The American Revolution inaugurated an “Age of Democratic Revolutions” that convulsed the Atlantic World in the late eighteenth and early nineteenth centuries. While these revolutionary movements drew on a common ideological thread, they grew out of diverse social, political, and economic circumstances; this diversity shaped the nature of revolutionary movements in each place, as well as their achievements. In their wake, these movements left altered power relationships and the “modern” world. In this course, we will study the American, French, and Haitian Revolutions by examining ideological, political, social, cultural, and economic contours of each revolution and the threads that link them.
"Western Civ and Sustainability"
What does it mean to think historically in an age of climate change? How did civilizations in the West evolve the values, practices, and institutions that lead to environmental crises today? How have people in the past dealt with climate change and environmental collapse? This course is an introduction to the historical roots of sustainability and climate change focused on the thought and practices which have marked interations between humans and the environmen in the West prior to the eighteenth century. Readings will include environmental and traditional histories, essays in contemporary environmental ethics and sustainability studies, and classic texts from the western tradition that speak to the relationship between human and natural systems.
HIST 221W: History Workshop (1)
"Medieval Intellectual History"
This course is designed to engage students in the kind of readings, research, and interpretative practices that mark the work of cultural and intellectual historians. Focused on major texts from pre-modern Europe (Boethius, Marie de France, Christine de Pisan, Dante, and others), the course explores how texts reflect and resist historical contexts and how historians work with a diversity of genres -- from poetry to romances to mystical treatises -- to create narratives regarding the intellectual and cultural history of the West.
HIST 306 - History Through Biography (1)
In this course we will study the life of John Brown, one of the most fascinating and controversial figures in American history. Brown’s use of terror to attack slavery inspired both sanctification and vilification, both in his own time and ever since. Known primarily as an abolitionist, Brown’s life intertwined with almost every current of 19th -century American thought and culture. We will read one of the many biographies on Brown, as well as selections from his writings and those of his contemporaries. We will consider also Brown’s contentious legacy by reading a portion of the voluminous literature on Brown that has appeared since his death. Thus, we will use our study of Brown’s life to understand more about both his life and about the culture from which he emerged.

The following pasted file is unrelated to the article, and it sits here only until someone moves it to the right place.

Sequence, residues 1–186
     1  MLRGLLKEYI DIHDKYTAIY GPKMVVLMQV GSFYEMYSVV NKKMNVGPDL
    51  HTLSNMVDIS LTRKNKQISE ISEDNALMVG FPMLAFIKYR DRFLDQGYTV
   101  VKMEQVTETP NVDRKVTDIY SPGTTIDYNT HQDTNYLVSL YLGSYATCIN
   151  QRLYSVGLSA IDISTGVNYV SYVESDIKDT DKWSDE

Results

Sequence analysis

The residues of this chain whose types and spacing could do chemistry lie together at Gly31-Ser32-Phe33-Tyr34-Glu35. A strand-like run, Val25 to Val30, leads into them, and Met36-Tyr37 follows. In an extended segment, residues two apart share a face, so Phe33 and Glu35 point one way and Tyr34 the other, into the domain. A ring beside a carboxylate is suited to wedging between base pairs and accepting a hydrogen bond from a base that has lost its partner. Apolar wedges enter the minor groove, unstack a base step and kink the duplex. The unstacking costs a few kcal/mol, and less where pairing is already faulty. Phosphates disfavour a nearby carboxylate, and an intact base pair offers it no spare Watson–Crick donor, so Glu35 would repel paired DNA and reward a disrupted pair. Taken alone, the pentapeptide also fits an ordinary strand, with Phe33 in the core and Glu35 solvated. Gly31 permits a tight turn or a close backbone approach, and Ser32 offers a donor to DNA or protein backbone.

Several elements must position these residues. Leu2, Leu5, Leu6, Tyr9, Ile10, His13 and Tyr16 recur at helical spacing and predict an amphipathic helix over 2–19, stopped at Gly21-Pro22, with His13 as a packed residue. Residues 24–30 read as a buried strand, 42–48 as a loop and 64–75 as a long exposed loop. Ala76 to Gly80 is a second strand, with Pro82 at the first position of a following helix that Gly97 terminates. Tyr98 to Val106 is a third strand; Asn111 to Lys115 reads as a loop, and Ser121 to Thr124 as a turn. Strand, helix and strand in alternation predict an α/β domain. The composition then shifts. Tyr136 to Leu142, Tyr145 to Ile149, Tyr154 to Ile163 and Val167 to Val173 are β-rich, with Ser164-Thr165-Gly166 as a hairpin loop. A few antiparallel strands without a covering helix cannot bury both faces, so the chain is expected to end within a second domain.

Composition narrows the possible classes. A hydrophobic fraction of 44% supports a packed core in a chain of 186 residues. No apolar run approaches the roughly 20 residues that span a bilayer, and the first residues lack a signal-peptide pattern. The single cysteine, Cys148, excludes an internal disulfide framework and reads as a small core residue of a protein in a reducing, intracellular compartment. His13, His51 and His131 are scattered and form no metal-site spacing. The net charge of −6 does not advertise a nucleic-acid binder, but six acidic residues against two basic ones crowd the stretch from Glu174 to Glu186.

HIST 345: Studies in Greek or Roman History (1)
This course will consider the period in Roman history between 44 BCE and 14 CE, including the assassination of Julius Caesar, the war between Antony and Octavian, and especially the metamorphosis of Octavian into the princeps Augustus. Under his leadership, the old Republic was replaced by a new style of Republic in which, paradoxically, overwhelming authority was vested in one man. How was this contradiction managed, and why was it accepted? We will examine in detail both the political events and the cultural life of this period, paying particular attention to the continuities and ruptures between the old Republic and the Augustan regime, Augustus' construction of his public identity, and the role of literature, art, and architecture in the formation of Augustan ideology in Rome and in the provinces. Assignments will include readings (in English) in a wide variety of primary sources of different genres as well as in the scholarly literature, with a view to exploring the divergent ways in which Augustus has been evaluated by modern historians and the relationship between these interpretations and the ancient sources. Students will be expected to participate actively in discussions, prepare in-class presentations, and develop a research project culminating in a substantial paper.
POLI 315: Topics in Politics (1)
"What's the Matter with American Politics"
Why can’t Washington get anything done anymore? And what’s going on in the Republican Party? How is that two political neophytes, Donald Trump and Ben Carson, are leading the Republican field? And why does Congress seem continually to be on the brink of shutting down the government? These are among the questions that we will explore this semester in a course that will be more like a book group than a conventional seminar. Each week we will read a recently published book (most published within the last year) that tackles the question of what’s gone wrong with American politics . . . and also examines the prospects for fixing these problems in the near future. Among the possible culprits that we will examine are economic inequality, partisan polarization, racial backlash, and the new media. Books we will read include Jennifer Lawless and Richard Fox, Running from Office: Why Young Americans are Turned Off to Politics (Oxford University Press, 2015); Marc Hetherington and Thomas Rudolph, Why Washington Won’t Work: Polarization, Political Trust and the Governing Crisis (University of Chicago Press, 2015); Diana Mutz, In-Your-Face Politics: The Consequences of Uncivil Media (Princeton University Press, 2015); Christopher Parker and Mattt Barreto, Change They Can’t Believe In: The Tea Party and Reactionary Politics in America ((Princeton University Press, 2013); Marisa Abrajano and Zoltan Hajnal, White Backlash: Immigration, Race, and American Politics (Princeton University Press, 2015); Ronald Formisano, Plutocracy in America: How Increasing Inequality Destroys the Middle Class and Exploits the Poor (Johns Hopkins University Press, 2015); and Benjamin Wittes and Pietro Nivola, ed., What Would Madison Do: The Father of the Constitution Meets Modern American Politics (Brookings Institution Press, 2015).
"One Time Only" Courses
ECON 370 - When the Invisible Hand Fails (1)